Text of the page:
Greenfield: The Last Days of CNN

CNN is far behind FOX News and MSNBC in the ratings. It averages around half a million viewers in prime time and it recently hit a 7-year low in the demo.

So it was the perfect time for Chris Wallace to leave FOX News for CNN+.

Some might have thought that Wallace was leaving to fill Chris Cuomo’s slot at CNN. No such luck, though without Cuomo the failing news network’s ratings have crashed to new lows.

But crashing to new lows is the default story at CNN.

CNN Airport, its captive audience operation, shut down earlier this year. And CNN isn’t far behind. CNN+ is the network’s bet that enough people will pay 6 bucks a month to watch it.

CNN’s effort to launch CNN+, a paid streaming service, at a time when its core ratings are crashing is confusing observers who wonder why the news network thinks people will pay for CNN when they won’t even watch it for free.

CNN President Jeff Zucker billed CNN+ as being for “CNN superfans, news junkies and fans of quality non-fiction programming.”

The existence of CNN superfans is as improbable as Bigfoot and UFOs. No one has ever spotted a CNN superfan in the wild and not even the most exotic zoos have them in stock.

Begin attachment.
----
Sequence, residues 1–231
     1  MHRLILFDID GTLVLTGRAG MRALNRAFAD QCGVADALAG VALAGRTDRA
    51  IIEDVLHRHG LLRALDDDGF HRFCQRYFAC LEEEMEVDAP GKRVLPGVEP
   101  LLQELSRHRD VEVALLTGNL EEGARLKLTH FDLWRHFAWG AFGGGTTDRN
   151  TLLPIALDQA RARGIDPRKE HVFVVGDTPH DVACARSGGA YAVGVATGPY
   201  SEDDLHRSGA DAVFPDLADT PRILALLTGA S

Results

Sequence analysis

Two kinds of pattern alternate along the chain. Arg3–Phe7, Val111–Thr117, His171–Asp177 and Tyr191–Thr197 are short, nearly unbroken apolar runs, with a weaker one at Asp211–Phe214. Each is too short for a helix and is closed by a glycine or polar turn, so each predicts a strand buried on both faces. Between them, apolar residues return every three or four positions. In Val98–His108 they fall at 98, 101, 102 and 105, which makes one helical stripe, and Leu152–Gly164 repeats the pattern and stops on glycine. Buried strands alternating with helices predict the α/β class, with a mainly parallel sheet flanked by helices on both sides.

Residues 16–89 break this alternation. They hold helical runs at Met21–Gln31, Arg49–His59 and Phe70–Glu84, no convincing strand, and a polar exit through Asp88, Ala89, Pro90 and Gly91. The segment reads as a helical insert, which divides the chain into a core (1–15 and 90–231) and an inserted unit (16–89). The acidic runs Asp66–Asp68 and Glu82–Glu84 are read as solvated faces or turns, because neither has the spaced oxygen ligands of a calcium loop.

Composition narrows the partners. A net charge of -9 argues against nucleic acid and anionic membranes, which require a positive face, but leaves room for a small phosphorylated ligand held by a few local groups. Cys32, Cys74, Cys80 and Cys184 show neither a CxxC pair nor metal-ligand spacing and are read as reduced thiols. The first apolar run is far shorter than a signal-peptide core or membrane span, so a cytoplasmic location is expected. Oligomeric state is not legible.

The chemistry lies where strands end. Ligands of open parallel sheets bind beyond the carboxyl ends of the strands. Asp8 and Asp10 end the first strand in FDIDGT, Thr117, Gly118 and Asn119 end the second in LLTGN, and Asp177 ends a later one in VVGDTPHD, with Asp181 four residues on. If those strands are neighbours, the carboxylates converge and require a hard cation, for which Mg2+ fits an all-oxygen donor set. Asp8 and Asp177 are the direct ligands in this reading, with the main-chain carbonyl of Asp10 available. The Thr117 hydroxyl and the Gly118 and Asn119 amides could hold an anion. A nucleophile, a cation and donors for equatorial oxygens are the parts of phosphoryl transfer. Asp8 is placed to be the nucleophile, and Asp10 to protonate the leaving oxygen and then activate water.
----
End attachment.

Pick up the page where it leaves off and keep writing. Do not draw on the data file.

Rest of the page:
News junkies certainly exist, but they don’t bother with CNN which doesn’t offer news.

All that’s left is the “quality non-fiction programming” which is a euphemism for infotainment, cooking shows, travel shows, and whatever else you can find on PBS, Discovery, and a host of similar cable channels that, unlike CNN, people will actually watch on their own time.

But CNN is short on options. Like the Washington Post and the New York Times, and other media outlets that monetized hatred for Trump, the Biden era was a rude awakening. After killing the golden goose, they’re trying to figure out how to market themselves without him.

Unlike the Post, which is owned by Amazon’s Jeff Bezos, and the New York Times, which is a family business, nobody really wants CNN. AT&T, which got CNN as part of a package deal, decided to roll the whole thing into the Warner Brothers Discovery megacompany. With its new motto of, “The Stuff That Dreams Are Made Of”, there’s no real room for CNN in the company.

The last thing anyone associates with CNN is the stuff that dreams are made of.

CNN+ is a frantic effort to pivot back to Jeff Zucker’s earlier plans to transform the news network into infotainment. And CNN+ is focusing on having Chris Wallace interview and bore assorted personalities, while actors Stanley Tucci and Eva Longoria wander around Italy and Spain.

But that just raises the question of why anyone would pay $5.99 for a mediocre copy of PBS.

The prospect of CNN+ becoming a success is unlikely, but the more likely situation is that it will still cannibalize the news network to become part of an HBO Max streaming bundle. CNN will still be around as a cable news network, but as cord cutters increasingly dump their subscriptions, the news network will disappear leaving the CNN+ brand in the HBO Max empire.

It’s a humiliating end for CNN. And a thoroughly deserved one.